Being involved in a car crash can leave a victim with serious injuries, some of which may be immediately apparent and others less so.
Shock is the body’s reaction to trauma. It responds by shutting down bodily functions or compartmentalizing stimuli to protect itself as a whole. That means a crash victim can suffer major, life-altering injuries they’re unaware of immediately after the underlying accident.
What Is Delayed Shock After an Accident?
Two main kinds of delayed shock can occur after a motor vehicle crash or another traumatic incident. The first is physiological shock, which the Mayo Clinic defines as a sudden drop in blood flow after an accident or traumatic event.
There are several different forms of physiological shock, including:
- Spinal shock– Also known as neurogenic shock, spinal shock is caused when the body suffers damage to its spinal cord and can no longer maintain proper blood flow, circulation, and body temperature.
- Hypovolemic shock– Hypovolemic shock occurs when there is no longer enough blood in the arteries and veins to provide the internal organs with the oxygen they need. Hypovolemic shock often results from severe blood loss due to a penetrative injury.
- Obstructive shock– Obstructive shock occurs when something prevents blood from getting to where it needs to go, especially to critical internal organs. Obstructive shock can result from a collapsed lung or similar injury.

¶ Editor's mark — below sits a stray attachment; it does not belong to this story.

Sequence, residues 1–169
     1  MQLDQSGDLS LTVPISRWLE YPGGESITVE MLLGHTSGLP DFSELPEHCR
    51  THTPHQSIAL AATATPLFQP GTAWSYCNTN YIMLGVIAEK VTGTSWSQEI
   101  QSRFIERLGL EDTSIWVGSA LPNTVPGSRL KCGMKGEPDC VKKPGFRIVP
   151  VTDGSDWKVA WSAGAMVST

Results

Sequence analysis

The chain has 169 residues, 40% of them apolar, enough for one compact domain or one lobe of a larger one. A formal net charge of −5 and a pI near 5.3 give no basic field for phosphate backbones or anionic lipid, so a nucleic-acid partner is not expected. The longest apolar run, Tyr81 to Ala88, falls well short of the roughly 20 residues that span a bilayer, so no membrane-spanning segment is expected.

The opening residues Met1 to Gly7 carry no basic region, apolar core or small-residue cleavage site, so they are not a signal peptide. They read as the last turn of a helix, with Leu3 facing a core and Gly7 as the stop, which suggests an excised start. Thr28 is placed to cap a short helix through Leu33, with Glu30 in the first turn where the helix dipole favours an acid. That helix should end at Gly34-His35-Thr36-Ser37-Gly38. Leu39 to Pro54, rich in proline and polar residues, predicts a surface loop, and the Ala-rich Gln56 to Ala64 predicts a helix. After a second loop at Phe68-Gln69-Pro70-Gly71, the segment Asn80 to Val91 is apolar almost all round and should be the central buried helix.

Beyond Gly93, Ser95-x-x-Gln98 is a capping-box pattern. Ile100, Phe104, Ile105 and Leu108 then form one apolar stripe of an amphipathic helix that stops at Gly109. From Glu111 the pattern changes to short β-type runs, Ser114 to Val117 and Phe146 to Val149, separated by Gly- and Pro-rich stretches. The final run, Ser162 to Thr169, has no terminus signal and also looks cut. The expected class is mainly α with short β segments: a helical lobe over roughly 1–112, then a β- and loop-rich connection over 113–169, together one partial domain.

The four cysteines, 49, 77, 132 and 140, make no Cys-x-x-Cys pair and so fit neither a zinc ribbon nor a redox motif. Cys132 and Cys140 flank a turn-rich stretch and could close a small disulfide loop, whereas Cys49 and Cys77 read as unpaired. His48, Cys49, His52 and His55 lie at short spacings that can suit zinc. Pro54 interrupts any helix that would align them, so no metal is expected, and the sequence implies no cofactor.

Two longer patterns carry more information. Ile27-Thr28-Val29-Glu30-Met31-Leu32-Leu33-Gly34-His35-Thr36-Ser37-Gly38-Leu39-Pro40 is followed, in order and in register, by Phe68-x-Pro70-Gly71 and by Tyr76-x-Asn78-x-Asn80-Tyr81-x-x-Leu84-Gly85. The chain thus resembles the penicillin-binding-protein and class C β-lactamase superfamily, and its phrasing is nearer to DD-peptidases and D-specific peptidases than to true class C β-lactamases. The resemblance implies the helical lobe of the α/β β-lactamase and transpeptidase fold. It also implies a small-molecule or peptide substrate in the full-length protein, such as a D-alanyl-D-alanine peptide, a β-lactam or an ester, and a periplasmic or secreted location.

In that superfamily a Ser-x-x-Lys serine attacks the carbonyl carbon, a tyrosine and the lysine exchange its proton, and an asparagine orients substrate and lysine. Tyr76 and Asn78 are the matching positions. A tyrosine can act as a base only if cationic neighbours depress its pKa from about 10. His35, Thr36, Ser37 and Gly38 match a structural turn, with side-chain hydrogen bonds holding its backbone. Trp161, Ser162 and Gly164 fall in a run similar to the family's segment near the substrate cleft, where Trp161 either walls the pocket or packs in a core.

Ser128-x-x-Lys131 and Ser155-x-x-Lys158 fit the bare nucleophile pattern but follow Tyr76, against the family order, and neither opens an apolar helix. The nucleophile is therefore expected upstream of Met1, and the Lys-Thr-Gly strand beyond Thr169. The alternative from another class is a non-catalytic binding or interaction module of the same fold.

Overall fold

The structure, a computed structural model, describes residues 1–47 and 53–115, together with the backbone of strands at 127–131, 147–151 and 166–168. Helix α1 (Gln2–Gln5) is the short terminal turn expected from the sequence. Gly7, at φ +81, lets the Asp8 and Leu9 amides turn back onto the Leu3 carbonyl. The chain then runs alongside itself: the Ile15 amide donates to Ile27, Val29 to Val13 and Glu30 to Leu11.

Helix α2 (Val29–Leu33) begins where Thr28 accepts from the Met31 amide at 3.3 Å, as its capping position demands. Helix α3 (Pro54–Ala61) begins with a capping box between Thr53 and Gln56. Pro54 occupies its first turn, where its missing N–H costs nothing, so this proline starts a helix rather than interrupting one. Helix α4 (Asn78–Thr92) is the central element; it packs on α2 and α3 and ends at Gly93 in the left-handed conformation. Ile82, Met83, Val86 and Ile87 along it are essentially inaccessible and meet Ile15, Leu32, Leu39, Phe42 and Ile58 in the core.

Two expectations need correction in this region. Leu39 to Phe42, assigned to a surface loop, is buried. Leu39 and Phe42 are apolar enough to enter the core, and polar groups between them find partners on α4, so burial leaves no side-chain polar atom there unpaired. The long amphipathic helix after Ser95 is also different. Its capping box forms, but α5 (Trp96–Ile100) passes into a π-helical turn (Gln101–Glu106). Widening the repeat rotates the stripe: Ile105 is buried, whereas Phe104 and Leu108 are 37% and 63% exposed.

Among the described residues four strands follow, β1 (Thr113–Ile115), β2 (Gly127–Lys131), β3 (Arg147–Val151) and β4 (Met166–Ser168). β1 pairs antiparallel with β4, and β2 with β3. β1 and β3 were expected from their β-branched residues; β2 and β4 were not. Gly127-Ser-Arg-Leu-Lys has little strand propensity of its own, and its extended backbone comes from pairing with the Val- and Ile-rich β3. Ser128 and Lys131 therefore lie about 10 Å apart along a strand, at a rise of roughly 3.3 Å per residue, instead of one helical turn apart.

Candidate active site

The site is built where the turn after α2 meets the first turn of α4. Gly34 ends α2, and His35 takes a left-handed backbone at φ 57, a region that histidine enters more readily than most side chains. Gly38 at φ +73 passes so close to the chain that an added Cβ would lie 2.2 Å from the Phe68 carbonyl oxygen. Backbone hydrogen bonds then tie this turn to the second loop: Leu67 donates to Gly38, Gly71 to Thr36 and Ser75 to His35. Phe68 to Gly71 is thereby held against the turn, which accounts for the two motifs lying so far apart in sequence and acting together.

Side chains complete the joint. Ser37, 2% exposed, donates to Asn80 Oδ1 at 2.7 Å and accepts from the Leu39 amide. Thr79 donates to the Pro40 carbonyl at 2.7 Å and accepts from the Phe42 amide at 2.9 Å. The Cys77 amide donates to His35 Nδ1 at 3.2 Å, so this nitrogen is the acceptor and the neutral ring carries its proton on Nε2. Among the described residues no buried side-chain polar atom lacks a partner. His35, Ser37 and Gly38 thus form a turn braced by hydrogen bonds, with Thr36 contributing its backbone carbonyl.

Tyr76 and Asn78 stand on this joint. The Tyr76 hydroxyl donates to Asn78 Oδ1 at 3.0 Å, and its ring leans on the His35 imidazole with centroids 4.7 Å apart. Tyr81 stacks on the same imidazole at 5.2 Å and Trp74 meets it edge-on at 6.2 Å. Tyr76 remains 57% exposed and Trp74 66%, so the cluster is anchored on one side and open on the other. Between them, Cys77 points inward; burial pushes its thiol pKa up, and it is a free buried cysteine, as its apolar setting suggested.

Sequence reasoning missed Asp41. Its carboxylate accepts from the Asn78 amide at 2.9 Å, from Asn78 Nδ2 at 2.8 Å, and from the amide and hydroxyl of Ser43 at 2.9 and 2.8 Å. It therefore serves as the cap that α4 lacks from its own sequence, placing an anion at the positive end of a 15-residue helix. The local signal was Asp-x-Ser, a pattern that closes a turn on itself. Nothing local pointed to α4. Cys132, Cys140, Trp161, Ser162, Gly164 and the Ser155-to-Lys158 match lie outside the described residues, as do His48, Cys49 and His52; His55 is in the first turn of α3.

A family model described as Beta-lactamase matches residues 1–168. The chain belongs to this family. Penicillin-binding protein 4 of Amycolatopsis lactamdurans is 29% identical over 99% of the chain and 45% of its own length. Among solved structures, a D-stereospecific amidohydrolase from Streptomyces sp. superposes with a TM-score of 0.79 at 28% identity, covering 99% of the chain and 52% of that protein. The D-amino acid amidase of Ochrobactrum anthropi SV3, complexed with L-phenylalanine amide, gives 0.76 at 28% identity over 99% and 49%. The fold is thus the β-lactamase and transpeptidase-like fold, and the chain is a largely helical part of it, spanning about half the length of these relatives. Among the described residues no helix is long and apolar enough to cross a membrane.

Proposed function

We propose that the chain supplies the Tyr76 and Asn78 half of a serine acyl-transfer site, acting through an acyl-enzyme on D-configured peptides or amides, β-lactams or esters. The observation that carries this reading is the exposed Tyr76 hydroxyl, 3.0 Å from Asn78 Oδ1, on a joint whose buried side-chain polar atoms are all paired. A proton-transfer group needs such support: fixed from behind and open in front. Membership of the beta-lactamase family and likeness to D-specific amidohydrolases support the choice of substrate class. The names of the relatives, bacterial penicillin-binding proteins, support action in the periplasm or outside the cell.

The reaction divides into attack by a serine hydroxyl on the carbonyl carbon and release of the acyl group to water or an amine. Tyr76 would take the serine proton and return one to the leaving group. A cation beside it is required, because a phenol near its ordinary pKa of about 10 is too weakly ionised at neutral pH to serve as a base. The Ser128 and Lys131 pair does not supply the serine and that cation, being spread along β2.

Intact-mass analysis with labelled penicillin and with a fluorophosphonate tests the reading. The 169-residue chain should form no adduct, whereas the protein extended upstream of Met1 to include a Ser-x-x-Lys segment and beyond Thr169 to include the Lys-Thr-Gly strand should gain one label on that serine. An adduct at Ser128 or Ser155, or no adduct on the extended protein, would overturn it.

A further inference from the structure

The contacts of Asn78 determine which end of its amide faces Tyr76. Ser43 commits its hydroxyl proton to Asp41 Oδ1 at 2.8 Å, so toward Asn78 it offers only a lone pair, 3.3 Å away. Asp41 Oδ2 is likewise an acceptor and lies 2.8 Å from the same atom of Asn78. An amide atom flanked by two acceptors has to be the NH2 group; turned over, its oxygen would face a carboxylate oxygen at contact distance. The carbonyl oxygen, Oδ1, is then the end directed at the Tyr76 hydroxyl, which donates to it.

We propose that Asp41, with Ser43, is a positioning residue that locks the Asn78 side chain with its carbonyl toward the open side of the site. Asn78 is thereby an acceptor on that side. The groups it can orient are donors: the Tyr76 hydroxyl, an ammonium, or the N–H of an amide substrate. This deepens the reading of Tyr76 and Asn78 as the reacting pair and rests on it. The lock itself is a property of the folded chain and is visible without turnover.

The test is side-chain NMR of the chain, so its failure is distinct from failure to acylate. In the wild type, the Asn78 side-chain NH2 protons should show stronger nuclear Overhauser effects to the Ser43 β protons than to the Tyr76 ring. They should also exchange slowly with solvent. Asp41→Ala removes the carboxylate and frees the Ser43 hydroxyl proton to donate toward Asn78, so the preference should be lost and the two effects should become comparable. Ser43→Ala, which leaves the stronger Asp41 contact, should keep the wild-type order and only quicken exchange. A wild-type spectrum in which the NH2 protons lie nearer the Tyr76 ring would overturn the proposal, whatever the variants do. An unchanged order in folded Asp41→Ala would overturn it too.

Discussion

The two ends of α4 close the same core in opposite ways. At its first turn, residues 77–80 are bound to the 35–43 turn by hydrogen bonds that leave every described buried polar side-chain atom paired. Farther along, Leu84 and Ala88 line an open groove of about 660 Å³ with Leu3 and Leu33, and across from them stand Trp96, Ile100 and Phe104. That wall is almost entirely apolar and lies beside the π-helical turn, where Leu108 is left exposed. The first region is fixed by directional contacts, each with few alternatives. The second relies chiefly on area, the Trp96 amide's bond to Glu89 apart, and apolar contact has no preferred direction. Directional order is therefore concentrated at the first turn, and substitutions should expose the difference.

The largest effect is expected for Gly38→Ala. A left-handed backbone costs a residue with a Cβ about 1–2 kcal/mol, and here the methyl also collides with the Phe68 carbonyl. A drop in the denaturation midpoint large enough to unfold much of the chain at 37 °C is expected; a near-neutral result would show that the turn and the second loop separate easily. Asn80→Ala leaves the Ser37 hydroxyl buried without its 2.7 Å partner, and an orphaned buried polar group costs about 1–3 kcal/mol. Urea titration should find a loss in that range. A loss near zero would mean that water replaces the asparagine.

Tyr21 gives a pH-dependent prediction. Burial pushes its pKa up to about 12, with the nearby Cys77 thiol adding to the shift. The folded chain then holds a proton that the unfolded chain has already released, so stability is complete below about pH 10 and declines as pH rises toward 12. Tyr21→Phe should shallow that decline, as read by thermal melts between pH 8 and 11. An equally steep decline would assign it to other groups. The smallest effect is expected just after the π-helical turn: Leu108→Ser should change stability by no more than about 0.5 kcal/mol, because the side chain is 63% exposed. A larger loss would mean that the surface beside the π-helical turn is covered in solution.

- Distributive shock– Distributive shock occurs when something causes the blood vessels to lose their tone, making them unable to carry blood effectively. Distributive shock is often caused by sepsis, severe allergic reactions, or an injury to the nervous system.
- Cardiogenic shock– Cardiogenic shock results from decreased blood flow throughout the body, usually due to an injury to the heart.
The other kind of shock that can occur after an accident is mental shock. Mental shock is often referred to as post-traumatic stress disorder (PTSD) and usually involves:
- Nausea and vomiting
- Chest pain
- Irregular heartbeat
- High blood pressure
- Nightmares about or flashbacks to the traumatic event
- Heightened anxiety and other strong emotions after the traumatic event
- Feeling confused and disoriented
- Dilated pupils
What makes mental shock so distressing after an accident is that you may experience its effects long after your physical injuries have healed. Overcoming mental shock after an accident often requires psychological counseling and other treatments, so talk to a doctor as soon as you notice these symptoms.
How to Claim a Delayed Injury
To secure compensation for shock and other delayed injuries from an accident, you should:
- See a doctorright away to start treatment.
- Seek help from a mental health professional.
- Watch what you sayto insurance companies.
- Hold on to all your medical records.
- Talk to a personal injury attorney.
Depending on the underlying facts of the accident and your resulting losses, you could be owed compensation for:
- Medical bills
- The cost of mental health counseling
- Emotional distress
- Pain and suffering
- Lost wages
Contact Our Car Accident Attorneys in Shelby Today
The Shelby car accident lawyers at the law firm of Teddy, Meekins & Talbert, P.L.L.C. are ready to help if you experienced delayed shock symptoms after a crash. Contact our office now for more information.
A native North Carolinian and a fourth-generation lawyer, Ralph W. Meekins literally had the desire to help those who are not able to help themselves as well as to be a practical life adviser to people in his blood.